Dana Terraplane LTW l $439 l 5,800 c.i.
LTW, that is, “lightweight,” might seem an odd suffix to hang on a 6-pound, 9-ounce pack, but the LTW (middle) is a full pound lighter than the regular Terraplane. And when you’re dealing with the kinds of loads this 5,800-cubic-inch monster can handle, every bit helps. The Terraplane is the pack of choice when your planned route requires you to tape several topo maps end to end. It’s unsurpassed at making a normal backpacking load feel pleasant and an expedition-size load feel almost pleasant. The secret is in the frame, a multitasked trusswork comprising a central aluminum stay, a large HDPE framesheet, and twin carbon-fiber wands that tie the bulk of the load to the optimum balance point at the sides of the hipbelt. And that well-padded, contoured hipbelt is the best in the business at cupping your hips rather than squeezing them. Admittedly, there’s not a lot of flexibility in the system—the Dana is better trudging up trails than bushwhacking—but it remains the standard for load-hauling prowess.

Arc’Teryx 800-985-6681,; Dana Design 888-357-3262,; Gregory 800-477-3420,; Kelty 800-423-2320,; Lafuma 303-527-1460,; Lowe Alpine 800-366-0223,; Marmot 707-544-4590,; Osprey 970-564-5900,; The North Face 800-535-3331,

Playing Around

Climbing at Joshua Tree, windsurfing the Gorge, fly-fishing the Yellowstone—you know what you’re there to do. But let’s face it, when the crag’s wet, the wind ain’t blowin’, and you can’t set a hook to save your life, the great outdoors can be duller than C-SPAN on mute. Fortunately the solution is simple: Next time you’re sitting around camp crushing beer cans against your forehead to pass the time, try whipping out one of these lightweight and compact backpackable toys. They might not be as much fun as recreational hallucinogens, but they’re a lot easier to sneak past the rangers. —Tim Neville

Boomerang l $20 l Boomerangs aren’t just for thwacking baby ‘roos anymore. With the flick of a wrist, this high-performance “rang” from Colorado Boomerangs (800-357-2647;, dubbed the Rainier, circles back at your noggin in a 35-yard arc. Handcrafted from Finnish birch, the 1.8-ounce Rainier includes instructions on how to wing the thing safely (the Labrador at the next tent is not a proper visual), and features a fuchsia-and-canary-yellow paint job that makes it easy to spot as it’s whirling toward your trachea.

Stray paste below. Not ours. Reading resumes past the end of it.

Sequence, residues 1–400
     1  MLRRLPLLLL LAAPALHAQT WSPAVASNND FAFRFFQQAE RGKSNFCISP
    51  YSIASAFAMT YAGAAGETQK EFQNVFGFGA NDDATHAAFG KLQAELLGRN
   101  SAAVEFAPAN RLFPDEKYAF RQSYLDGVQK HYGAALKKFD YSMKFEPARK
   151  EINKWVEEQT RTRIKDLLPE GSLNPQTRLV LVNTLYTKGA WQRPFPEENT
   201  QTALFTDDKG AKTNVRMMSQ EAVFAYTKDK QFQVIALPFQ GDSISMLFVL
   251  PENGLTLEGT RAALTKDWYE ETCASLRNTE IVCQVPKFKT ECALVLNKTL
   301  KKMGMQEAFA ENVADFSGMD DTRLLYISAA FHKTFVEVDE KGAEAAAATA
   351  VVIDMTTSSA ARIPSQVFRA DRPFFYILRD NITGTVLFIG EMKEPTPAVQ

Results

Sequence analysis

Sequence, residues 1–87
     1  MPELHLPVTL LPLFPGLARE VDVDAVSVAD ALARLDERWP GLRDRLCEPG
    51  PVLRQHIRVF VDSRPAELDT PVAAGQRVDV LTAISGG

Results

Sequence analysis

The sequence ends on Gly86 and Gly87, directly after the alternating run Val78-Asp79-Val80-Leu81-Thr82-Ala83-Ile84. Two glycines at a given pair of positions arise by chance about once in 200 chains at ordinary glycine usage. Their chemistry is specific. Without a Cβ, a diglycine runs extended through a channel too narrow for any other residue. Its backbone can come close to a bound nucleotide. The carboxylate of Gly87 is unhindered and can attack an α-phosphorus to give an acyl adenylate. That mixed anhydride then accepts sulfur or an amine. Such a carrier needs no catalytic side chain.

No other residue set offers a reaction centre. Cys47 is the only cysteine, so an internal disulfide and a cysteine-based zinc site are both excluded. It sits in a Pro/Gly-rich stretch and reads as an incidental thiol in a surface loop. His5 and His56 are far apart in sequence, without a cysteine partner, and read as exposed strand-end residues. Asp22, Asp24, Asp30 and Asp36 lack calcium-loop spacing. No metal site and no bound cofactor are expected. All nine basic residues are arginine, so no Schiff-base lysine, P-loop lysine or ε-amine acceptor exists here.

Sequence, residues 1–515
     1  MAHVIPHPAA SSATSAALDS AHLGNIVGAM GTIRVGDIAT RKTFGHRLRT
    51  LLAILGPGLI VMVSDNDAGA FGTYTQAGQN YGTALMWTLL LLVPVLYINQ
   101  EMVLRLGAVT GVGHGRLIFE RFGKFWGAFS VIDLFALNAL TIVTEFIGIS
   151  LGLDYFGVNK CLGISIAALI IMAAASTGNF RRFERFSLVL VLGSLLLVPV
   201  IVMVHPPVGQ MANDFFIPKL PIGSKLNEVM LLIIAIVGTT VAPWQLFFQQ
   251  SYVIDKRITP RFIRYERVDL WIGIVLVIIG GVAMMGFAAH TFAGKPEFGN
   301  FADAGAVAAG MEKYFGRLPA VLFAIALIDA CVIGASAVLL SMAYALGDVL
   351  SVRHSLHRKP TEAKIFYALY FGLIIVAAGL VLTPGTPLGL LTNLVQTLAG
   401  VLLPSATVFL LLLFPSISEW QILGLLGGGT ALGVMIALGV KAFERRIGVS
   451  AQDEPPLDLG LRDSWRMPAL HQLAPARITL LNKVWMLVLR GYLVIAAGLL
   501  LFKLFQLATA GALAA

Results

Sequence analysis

Travel Bocce l $15 l Suggest a game of traditional bocce to anyone five decades shy of incontinence, and they’ll label you a pasty wanker. That’s because there’s an improved version of the Italian lawn-bowling game called, you guessed it, extreme bocce. The old game is played with 4-inch balls on meticulously groomed lawns, but the extreme approach relies on rocks, ruts, and dips in backcountry turf to make the game more challenging. This travel set from (925-855-9185; weighs 12 ounces and includes nine 1.5-inch solid-pine balls and a waterproof sack that fits easily in a trunk, pack, or boat for playtime anywhere. Now that’s Italian!

Max Flight Frisbee l $10 l Don’t let friends whip this baby around the campground unless you’re prepared for the consequences of dancing over the top of somebody’s tent to make the catch. The long-distance Max Flight Frisbee (877-469-4266; uses some of the go-far design tricks behind the user-unfriendly, hard-edged golf discs (Spot catches disc; Spot loses teeth). But the nine-inch-diameter Max Flight is easier to catch thanks to a rubber grip and thicker profile. Granted it’s not one of those distance-defying Aerobies that get caught in trees, but you can expect throws up to 350 feet.

SandMaster Footbag l $12 l Welcome to Stoner Fitness 101, Introduction to the Hack. Filled with sand instead of plastic beads, the 2.5-inch-diameter SandMaster, distributed by the World Footbag Association (800-878-8797;, has a more forgiving feel than most bags. Add to it a 14-panel quilt of durable synthetic suede that gives it a rounder shape and reduces klutzy shanks, and the plum-size SandMaster becomes the bag of choice. Just don’t ever, ever apologize for a bad kick. It’s poor style, bro.

Sand and Foam, by Kahlil Gibran l $14 l Conversational lulls, begone! The early-20th-century Lebanese writer Kahlil Gibran inspires endless banter in Sand and Foamfrom A. A. Knopf (212-572-2600; 82 pages of outdoor koans in a book the size of a few slices of Spam. “So Bob, what do you think he means by, ‘Frogs may bellow louder than bulls, but they cannot drag the plough in the field nor turn the wheel of the winepress, and of their skins you cannot make shoes’?”


A Breed Apart

Piece Like A River by Leif Enger Piece Like A River by Leif Enger
The Map That Changed the World by Simon Winchester The Map That Changed the World by Simon Winchester

Peace Like a River